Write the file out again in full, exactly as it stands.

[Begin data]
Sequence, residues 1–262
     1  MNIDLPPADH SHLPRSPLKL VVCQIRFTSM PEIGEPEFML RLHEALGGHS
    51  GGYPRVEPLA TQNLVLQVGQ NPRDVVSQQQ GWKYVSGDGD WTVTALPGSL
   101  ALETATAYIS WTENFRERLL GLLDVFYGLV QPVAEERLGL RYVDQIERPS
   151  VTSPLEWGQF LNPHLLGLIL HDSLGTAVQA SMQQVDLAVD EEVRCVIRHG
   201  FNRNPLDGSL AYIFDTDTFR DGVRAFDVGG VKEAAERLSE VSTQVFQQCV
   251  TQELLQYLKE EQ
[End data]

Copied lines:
Sequence, residues 1–262
     1  MNIDLPPADH SHLPRSPLKL VVCQIRFTSM PEIGEPEFML RLHEALGGHS
    51  GGYPRVEPLA TQNLVLQVGQ NPRDVVSQQQ GWKYVSGDGD WTVTALPGSL
   101  ALETATAYIS WTENFRERLL GLLDVFYGLV QPVAEERLGL RYVDQIERPS
   151  VTSPLEWGQF LNPHLLGLIL HDSLGTAVQA SMQQVDLAVD EEVRCVIRHG
   201  FNRNPLDGSL AYIFDTDTFR DGVRAFDVGG VKEAAERLSE VSTQVFQQCV
   251  TQELLQYLKE EQ